Pericortical Enhancement on Delayed Postgadolinium Fluid-Attenuated Inversion Recovery Images in Normal Aging, Mild Cognitive Impairment, and Alzheimer Disease

W. M. Freeze*, R. S. Schnerr, W. M. Palm, J. F. Jansen, H. I. Jacobs, E. I. Hoff, F. R. Verhey, W. H. Backes

*Corresponding author for this work

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BACKGROUND AND PURPOSE: Breakdown of BBB integrity occurs in dementia and may lead to neurodegeneration and cognitive decline. We assessed whether extravasation of gadolinium chelate could be visualized on delayed postcontrast FLAIR images in older individuals with and without cognitive impairment.

MATERIALS AND METHODS: Seventy-four individuals participated in this study (15 with Alzheimer disease, 33 with mild cognitive impairment, and 26 with normal cognition). We assessed the appearance of pericortical enhancement after contrast administration, MR imaging markers of cerebrovascular damage, and medial temporal lobe atrophy. Three participants who were positive for pericortical enhancement (1 with normal cognition and 2 with mild cognitive impairment) were followed up for approximately 2 years. In vitro experiments with a range of gadolinium concentrations served to elucidate the mechanisms underlying the postcontrast FLAIR signals.

RESULTS: Postcontrast pericortical enhancement was observed in 21 participants (28%), including 6 individuals with Alzheimer disease (40%), 10 with mild cognitive impairment (30%), and 5 with normal cognition (19%). Pericortical enhancement was positively associated with age (P <.02) and ischemic stroke (P <.05), but not with cognitive status (P = .3). Foci with enhanced signal remained stable across time in all follow-up cases. The in vitro measurements confirmed that FLAIR imaging is highly sensitive for the detection of low gadolinium concentrations in CSF, but not in cerebral tissue.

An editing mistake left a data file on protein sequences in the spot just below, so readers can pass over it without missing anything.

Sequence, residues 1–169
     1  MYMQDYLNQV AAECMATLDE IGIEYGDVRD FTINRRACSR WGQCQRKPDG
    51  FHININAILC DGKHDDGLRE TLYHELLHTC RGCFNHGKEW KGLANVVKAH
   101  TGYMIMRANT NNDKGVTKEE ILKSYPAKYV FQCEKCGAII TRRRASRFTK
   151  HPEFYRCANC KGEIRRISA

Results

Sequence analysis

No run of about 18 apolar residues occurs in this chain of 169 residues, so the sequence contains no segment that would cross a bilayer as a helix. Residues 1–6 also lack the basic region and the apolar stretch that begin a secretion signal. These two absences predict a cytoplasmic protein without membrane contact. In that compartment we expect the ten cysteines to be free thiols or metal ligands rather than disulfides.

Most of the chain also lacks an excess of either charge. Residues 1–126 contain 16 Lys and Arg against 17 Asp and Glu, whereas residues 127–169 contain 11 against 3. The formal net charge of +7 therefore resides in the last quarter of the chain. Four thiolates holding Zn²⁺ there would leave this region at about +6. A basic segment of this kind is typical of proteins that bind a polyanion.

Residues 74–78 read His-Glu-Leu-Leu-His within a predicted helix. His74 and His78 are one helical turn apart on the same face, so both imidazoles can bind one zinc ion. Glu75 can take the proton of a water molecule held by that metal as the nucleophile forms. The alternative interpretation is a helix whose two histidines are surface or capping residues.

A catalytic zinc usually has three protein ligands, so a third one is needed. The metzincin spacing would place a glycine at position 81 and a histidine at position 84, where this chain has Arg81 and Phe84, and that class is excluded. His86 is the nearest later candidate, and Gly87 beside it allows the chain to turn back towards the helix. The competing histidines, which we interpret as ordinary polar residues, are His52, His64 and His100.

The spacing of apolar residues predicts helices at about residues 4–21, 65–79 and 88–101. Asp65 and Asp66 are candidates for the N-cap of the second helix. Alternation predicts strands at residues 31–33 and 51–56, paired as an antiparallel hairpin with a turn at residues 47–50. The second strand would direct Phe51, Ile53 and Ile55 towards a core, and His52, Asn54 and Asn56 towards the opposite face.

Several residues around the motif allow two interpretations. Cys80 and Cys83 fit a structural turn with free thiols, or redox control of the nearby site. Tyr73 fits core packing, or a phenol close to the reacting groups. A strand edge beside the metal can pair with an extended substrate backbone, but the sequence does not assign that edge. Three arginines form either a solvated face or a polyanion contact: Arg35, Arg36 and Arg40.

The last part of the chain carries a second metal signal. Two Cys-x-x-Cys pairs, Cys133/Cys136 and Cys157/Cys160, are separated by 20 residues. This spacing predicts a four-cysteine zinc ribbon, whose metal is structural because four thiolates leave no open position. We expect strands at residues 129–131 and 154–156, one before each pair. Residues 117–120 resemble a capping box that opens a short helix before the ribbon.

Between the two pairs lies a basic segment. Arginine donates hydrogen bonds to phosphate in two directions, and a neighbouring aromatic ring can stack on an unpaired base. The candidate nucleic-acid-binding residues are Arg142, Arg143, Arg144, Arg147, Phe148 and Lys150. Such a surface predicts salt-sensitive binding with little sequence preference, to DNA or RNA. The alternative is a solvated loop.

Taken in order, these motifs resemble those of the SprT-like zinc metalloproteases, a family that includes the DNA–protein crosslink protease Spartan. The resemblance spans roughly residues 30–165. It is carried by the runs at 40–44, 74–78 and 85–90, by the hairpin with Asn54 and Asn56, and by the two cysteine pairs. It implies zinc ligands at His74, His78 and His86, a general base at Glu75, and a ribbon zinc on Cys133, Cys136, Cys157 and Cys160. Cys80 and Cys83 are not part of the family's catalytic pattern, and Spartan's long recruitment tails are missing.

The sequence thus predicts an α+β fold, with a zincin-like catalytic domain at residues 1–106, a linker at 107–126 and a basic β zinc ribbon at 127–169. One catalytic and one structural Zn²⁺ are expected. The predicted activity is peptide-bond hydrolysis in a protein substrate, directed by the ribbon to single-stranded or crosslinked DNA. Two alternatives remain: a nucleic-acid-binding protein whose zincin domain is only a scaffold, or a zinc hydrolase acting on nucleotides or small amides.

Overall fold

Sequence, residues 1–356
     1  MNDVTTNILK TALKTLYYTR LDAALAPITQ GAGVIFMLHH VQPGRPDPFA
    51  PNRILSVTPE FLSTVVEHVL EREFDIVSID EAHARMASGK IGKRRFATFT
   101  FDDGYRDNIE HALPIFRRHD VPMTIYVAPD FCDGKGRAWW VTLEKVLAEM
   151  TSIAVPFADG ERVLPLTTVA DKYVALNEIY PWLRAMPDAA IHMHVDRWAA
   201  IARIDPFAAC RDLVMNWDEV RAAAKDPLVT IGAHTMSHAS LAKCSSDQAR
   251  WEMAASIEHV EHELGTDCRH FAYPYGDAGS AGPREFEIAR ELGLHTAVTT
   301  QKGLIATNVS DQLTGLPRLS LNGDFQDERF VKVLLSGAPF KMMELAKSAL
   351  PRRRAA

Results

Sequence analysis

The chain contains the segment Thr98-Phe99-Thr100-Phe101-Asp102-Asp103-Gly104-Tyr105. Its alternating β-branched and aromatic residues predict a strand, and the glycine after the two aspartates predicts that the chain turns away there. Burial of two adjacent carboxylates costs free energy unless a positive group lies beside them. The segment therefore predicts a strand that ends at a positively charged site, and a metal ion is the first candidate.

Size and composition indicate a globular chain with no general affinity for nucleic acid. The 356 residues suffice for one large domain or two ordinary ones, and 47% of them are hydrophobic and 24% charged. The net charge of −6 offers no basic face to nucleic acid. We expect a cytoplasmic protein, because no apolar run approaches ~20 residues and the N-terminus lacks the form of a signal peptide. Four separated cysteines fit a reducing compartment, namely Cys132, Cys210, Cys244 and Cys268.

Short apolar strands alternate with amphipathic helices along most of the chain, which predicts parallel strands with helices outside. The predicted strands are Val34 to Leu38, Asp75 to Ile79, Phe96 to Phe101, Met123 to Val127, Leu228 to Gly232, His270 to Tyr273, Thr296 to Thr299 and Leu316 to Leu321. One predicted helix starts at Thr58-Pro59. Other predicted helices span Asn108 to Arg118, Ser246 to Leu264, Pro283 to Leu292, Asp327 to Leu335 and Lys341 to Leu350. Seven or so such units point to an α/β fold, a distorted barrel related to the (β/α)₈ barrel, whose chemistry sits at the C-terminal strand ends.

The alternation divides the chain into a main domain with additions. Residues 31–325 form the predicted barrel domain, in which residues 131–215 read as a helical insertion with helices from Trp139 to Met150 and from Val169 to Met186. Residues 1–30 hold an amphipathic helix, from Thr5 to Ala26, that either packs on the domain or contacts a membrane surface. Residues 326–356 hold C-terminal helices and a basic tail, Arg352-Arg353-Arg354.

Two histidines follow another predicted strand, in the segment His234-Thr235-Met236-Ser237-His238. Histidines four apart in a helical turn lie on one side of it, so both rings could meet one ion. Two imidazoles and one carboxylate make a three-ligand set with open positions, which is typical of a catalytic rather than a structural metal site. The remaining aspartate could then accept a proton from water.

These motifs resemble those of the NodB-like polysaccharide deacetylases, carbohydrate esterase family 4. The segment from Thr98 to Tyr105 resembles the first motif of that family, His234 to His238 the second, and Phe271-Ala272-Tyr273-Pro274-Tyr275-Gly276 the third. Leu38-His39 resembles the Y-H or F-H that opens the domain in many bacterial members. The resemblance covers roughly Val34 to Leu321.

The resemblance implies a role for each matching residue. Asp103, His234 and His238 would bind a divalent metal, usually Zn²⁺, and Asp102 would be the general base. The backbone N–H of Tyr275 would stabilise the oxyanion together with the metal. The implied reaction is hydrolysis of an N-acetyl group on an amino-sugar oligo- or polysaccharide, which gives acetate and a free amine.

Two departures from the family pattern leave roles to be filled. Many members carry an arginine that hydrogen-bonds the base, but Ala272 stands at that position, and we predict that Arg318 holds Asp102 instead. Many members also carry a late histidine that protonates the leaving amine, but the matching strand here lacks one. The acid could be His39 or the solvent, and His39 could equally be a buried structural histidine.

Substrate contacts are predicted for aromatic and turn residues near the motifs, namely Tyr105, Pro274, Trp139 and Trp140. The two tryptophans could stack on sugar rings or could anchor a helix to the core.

CONCLUSIONS: Postcontrast pericortical enhancement on FLAIR images occurs in older individuals with normal cognition, mild cognitive impairment, and dementia. It may represent chronic focal superficial BBB leakage. Future longitudinal studies are needed to determine its clinical significance.

Original languageEnglish
Pages (from-to)1742-1747
Number of pages6
JournalAmerican Journal of Neuroradiology
Issue number9
Publication statusPublished - Sept 2017


  • MRI

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